American cultural lore is rich with tales of immigrants’ ethnic sounding names being Anglicized or shortened during their passage through Ellis Island, yet there is no evidence that such a practice ever took place. Immigration officials merely checked the person’s identity against the manifests of the ships that brought them to America, and there was no policy advising them to forcibly alter names. Some immigrants voluntarily chose to change their names to help assimilate into American culture, but they did so before they left their home country or after they had gained admission to the United States. A notable exception to the name changing policy came in 1908, when a traveler named Frank Woodhull admitted that he had been born a woman named Mary Johnson and had spent the previous 15 years living as a man. After briefly detaining Woodhull, officials allowed him to enter the country—but not before changing his name back to Mary Johnson.
Famed New York Mayor Fiorello LaGuardia worked at Ellis Island.
Before he became the first man to win three consecutive terms as mayor of New York, the fiery and reform-minded politician Fiorello LaGuardia spent three years on staff at Ellis Island between 1907 and 1910. The son of Italian immigrants, LaGuardia was fluent in Italian, Croatian and Yiddish, and he served as one of the island’s many translators while attending NYU law school at night. LaGuardia would go on to represent many Ellis Island immigrants in deportation cases during his early years as an attorney.
It was used as a detention facility during WWI and WWII.
Shortly after the United States declared war on Germany in 1917, the government turned a suspicious eye toward all German-born, non-naturalized citizens residing within its borders. Potential “alien enemies” were placed under harsh restrictions, and those suspected of harboring pro-German sentiment were rounded up and detained. Since immigration had tapered off World War I, officials designated Ellis Island as one of the main holding centers for would-be enemies of the state, and some 1,500 people were eventually detained there. The island’s double life as a prison later continued during World War II, when it was used to house suspected Nazi sympathizers.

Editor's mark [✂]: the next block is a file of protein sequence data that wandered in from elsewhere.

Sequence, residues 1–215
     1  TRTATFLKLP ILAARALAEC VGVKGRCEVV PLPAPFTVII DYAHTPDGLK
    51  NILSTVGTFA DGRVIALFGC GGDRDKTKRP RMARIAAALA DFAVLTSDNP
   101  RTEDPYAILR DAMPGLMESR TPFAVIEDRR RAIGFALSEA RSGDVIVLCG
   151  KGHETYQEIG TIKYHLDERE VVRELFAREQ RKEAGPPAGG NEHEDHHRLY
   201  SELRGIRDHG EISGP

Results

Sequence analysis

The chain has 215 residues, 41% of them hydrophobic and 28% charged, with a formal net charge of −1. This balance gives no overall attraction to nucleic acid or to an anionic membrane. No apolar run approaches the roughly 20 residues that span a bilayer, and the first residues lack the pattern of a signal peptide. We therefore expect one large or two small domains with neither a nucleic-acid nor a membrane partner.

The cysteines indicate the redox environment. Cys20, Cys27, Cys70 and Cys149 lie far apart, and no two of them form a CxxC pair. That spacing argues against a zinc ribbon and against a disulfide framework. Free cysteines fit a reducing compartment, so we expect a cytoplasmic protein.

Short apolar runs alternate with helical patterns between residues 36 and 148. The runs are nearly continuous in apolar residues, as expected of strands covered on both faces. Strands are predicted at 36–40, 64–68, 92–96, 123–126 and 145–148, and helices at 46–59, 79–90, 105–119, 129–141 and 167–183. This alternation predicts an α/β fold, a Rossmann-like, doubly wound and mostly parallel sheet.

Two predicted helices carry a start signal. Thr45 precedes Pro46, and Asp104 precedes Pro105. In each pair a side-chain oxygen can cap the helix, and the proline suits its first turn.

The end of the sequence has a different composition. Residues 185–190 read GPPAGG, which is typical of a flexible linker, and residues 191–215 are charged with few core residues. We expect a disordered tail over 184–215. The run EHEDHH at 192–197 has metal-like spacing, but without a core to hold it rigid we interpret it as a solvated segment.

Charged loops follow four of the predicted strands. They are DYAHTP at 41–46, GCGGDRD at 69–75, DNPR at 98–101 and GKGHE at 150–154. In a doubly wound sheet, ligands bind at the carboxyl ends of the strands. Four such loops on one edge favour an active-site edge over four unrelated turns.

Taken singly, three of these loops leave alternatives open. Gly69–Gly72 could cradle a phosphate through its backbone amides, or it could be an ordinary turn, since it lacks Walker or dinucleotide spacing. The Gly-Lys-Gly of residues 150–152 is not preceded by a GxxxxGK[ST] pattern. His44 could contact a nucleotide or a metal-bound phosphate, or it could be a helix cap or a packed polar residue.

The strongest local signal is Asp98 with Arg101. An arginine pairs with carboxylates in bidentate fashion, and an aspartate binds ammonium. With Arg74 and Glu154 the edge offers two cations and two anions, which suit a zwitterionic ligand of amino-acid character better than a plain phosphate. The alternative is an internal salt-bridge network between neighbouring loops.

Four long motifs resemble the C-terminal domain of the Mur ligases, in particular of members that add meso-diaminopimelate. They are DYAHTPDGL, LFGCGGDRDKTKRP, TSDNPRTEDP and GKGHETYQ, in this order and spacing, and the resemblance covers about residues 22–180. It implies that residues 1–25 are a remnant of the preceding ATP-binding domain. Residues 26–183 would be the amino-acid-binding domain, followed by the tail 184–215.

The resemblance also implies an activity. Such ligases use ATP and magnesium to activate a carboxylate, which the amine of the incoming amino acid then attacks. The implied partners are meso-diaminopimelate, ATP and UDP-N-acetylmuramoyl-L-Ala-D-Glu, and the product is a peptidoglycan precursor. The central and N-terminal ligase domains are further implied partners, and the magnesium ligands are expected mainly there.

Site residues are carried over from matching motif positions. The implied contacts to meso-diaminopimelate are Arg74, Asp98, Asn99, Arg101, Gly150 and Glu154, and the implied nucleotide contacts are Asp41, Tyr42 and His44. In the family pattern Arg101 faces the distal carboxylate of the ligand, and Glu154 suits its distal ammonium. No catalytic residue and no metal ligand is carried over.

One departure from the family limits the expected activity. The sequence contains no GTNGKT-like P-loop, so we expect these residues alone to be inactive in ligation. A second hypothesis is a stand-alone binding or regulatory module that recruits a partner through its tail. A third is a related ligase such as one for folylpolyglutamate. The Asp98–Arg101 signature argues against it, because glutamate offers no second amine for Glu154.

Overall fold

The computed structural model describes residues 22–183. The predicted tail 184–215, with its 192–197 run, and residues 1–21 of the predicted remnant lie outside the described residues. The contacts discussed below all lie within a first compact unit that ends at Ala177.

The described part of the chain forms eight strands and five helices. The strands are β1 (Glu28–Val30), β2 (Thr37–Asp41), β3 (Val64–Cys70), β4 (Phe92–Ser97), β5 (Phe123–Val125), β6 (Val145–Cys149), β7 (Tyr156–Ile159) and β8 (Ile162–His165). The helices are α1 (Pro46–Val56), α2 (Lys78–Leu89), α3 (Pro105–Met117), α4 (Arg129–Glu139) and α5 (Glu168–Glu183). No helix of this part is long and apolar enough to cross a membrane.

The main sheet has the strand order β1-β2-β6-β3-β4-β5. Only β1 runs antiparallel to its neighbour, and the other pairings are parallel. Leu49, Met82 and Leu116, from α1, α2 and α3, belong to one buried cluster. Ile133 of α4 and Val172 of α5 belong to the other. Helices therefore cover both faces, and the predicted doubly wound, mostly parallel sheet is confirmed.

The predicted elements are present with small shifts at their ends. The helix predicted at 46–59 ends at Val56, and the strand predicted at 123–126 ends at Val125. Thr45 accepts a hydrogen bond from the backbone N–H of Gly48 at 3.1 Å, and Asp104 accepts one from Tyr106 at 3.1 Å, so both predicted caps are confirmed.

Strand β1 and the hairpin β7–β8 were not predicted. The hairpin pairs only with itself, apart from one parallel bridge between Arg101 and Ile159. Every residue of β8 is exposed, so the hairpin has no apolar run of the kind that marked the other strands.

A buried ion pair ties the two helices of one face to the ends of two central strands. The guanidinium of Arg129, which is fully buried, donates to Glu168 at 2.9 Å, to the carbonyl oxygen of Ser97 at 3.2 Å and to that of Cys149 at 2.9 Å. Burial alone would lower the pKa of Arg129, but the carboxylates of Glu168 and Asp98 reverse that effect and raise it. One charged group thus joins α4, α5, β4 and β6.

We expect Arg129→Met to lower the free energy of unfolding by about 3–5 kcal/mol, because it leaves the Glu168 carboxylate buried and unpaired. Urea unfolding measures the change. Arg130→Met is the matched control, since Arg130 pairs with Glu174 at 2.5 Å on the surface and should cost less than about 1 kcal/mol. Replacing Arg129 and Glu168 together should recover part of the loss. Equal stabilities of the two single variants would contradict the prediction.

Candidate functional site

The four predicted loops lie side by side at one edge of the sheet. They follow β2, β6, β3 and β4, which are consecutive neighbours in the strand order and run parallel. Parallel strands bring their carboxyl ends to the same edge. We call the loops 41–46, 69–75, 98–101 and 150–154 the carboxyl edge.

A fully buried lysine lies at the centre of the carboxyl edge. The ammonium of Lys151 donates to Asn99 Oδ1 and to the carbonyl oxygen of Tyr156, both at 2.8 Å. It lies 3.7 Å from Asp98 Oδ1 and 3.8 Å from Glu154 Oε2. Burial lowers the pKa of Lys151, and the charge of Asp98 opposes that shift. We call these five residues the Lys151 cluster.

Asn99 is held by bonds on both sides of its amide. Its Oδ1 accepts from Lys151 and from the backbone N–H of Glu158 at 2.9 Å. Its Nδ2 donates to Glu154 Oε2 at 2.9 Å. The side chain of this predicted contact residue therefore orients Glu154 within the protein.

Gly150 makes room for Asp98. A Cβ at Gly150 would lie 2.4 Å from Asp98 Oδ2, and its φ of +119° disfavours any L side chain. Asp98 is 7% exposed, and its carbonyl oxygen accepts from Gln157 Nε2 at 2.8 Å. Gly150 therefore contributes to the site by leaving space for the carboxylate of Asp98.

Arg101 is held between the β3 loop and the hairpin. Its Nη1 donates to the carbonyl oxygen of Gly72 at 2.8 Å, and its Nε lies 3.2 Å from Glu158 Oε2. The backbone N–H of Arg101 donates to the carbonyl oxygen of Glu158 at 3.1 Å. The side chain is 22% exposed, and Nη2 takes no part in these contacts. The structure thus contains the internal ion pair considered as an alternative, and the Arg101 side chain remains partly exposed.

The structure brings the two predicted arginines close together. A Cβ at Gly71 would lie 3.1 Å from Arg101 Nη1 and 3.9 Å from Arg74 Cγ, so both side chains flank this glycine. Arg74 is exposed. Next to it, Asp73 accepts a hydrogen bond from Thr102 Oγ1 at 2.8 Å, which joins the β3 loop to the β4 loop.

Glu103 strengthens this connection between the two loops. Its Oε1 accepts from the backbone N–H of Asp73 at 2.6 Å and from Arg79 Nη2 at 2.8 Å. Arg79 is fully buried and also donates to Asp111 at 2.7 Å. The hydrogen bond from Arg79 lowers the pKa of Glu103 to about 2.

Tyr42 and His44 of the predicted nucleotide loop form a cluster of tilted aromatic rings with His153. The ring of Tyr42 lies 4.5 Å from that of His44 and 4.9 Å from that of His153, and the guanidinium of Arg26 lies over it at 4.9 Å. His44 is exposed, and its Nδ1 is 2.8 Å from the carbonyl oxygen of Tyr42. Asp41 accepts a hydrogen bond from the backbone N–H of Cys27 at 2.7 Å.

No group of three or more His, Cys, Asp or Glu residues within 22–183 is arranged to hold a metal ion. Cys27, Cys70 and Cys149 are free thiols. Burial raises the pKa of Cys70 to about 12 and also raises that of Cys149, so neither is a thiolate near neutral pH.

It eventually became more famous for deportations than immigration.
Ellis Island’s role as a gateway for immigrants began to change in the early 1920s, when a series of federal laws ended the open door immigration policy and established quotas for the number of new arrivals to the United States. By 1925, the government had also shifted the inspection process from American ports to the U.S. consulates abroad, leaving Ellis Island to operate primarily as a detention center and deportation point for undesirable immigrants. The island was used to imprison and evict suspected communists and political radicals during the Red Scare (anarchist Emma Goldman was a notable deportee), and later served as a detention center for communists during the Cold War. The government’s legally ambiguous detainment policies eventually spawned a series of high profile lawsuits that stained Ellis Island’s reputation with the American public. In November 1954, the port was closed for good as part of a federal cost-saving measure.
It wasn’t opened to the public until 1976.
When the U.S. government tried to sell Ellis Island in the 1950s, would-be developers proposed everything from a drug rehab facility to a resort marina and even an experimental “city of the future” designed by architect Frank Lloyd Wright. None of the schemes for private development got off the ground, however, and the “gateway to America” spent the next 20 years in political limbo. The island was finally opened for tours in 1976, but plans for a historical museum or renovation didn’t come together until the 1980s, when automotive pioneer Lee Iacocca helped spearhead a fundraising project for Ellis Island and the Statue of Liberty. The restored island was opened to the public in September 1990, and it now receives around 3 million visitors each year.